Right now, many families are more stressed than ever. The pandemic has parents worrying about finances and schooling, as well as the day-to-day frustrations of dealing with more time stuck at home with family. All of that has contributed to rising rates of domestic violence over the past six months.
According to the National Domestic Violence Hotline, calls were up roughly 9% between March and June, compared to the same period during 2019. Ten percent of people who called the hotline directly connected the violence they were experiencing to the coronavirus pandemic.
“The first thing that came to mind when I heard about COVID restrictions and mitigation strategies was how exceptionally dangerous this time could be for women living with abusive partners,” domestic violence researcher Eve Valera wrote for Harvard Health Blog in June. “‘Self-isolate,’ ‘stay at home,’ ‘practice social distancing,’ and ‘recession’ are all words likely to be terrifying to many women who are living with intimate partner violence.”
Domestic Violence Rising Around The World
Even before the pandemic, domestic violence was all too common. About 1 in 4 women and 1 in 7 men will be the victim of domestic violence during their lifetimes, according to the Centers for Disease Control and Prevention.
Although restrictions on movements are lifting, the economic and emotional impact of the pandemic is very present. Those stressors can increase the likelihood of domestic violence. It’s happening not just in North American, but around the world, according to New York Times reporting: in Britain, domestic violence was up about 20% and in France it had increased about 30%.
October is Domestic Violence Awareness Month, which is more important this year than ever. During 2020, the month is focused on the hashtag #1thing. The idea is that we can all do one thing to help end domestic violence. Learning how to support yourself or a loved one who is experiencing domestic violence is a great place to start.
How to Help Yourself
- Know where to turn for help. The Hotline provides 24/7 support for people who are experiencing domestic violence. This link has all the information. You can chat confidentially online or 1-800-799-SAFE. For a list of Canadian resources, click here.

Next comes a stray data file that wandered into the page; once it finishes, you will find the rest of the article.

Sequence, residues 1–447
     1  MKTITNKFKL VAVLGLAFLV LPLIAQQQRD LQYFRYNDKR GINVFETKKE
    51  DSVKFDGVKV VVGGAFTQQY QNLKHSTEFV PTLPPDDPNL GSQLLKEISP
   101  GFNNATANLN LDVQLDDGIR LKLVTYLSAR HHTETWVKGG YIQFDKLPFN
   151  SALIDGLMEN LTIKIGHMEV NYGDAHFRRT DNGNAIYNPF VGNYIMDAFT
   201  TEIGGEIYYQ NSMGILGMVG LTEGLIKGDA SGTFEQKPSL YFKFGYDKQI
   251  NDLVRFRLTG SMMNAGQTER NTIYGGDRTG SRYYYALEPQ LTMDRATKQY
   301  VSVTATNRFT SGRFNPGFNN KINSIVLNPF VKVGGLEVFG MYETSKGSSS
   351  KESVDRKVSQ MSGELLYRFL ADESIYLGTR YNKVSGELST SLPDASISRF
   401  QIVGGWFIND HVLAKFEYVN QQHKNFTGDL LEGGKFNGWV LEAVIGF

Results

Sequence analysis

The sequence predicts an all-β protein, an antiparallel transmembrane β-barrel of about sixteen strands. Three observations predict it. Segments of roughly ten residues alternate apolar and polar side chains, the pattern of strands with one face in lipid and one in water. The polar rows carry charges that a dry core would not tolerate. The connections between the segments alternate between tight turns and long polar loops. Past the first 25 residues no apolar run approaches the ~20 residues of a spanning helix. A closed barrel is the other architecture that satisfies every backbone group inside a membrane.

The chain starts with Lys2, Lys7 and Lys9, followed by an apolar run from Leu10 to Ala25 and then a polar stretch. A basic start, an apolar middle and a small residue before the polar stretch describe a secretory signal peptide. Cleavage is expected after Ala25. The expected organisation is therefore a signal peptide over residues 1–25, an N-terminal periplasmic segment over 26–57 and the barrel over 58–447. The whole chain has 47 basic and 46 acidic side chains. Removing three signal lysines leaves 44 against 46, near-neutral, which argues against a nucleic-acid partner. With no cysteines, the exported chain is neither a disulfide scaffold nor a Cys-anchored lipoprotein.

- Make a safety plan. The Hotline provides an interactive safety planning tool that can help you and your loved ones know what to do to decrease your chances of being hurt.
- Remember, it’s not your fault. Domestic violence is all too common. What you are experiencing is not your fault, and you are never to blame. Only you know what the right choice for your family is, but getting information from trained professionals who understand the complexities of living with domestic violence can help you make informed decisions.
How to Help A Loved One
Watching someone that you love experience domestic violence can be heartbreaking. It can also be super frustrating, and you might find yourself wondering why you friend or family member doesn’t “just leave.” Here’s what you should know about helping a loved one.
- Don’t make judgements. Living with domestic violence is complex. People stay with abusive partners for a variety of reasons. Before you can help your friend or loved one, you need to accept that only they can make the decision to leave. You need to be there for them, without pushing them to do something they’re not yet ready to do.
- Meet them where they are with emotional support. You can always talk about the fact that their situation is scary or difficult. The Hotline recommends avoiding talking badly about their abusive partner, since that might make them reluctant to confide in you.
- Engage them. Having a network outside the family is important, since domestic abusers often try to isolate their victims. Bringing new people into your social network is difficult during the pandemic, but incorporate your friend or loved one where you can by inviting them to your book club, moms group or other activities.
- Offer physical support. Let your friend know that you can help them to make copies of important documents or hold on to money or clothing. All of this can be helpful when and if they decide to leave their partner.
- Educate yourself and volunteer. Loving someone who is experiencing domestic violence can leave you feeling helpless. You can’t control what your friend or family member does, but you can educate yourself and give back to other people in similar situations. Volunteering with or donating to a local domestic violence agency can help you feel empowered.
Dealing with domestic violence is never easy, but together we can all do #1thing to end domestic violence forever.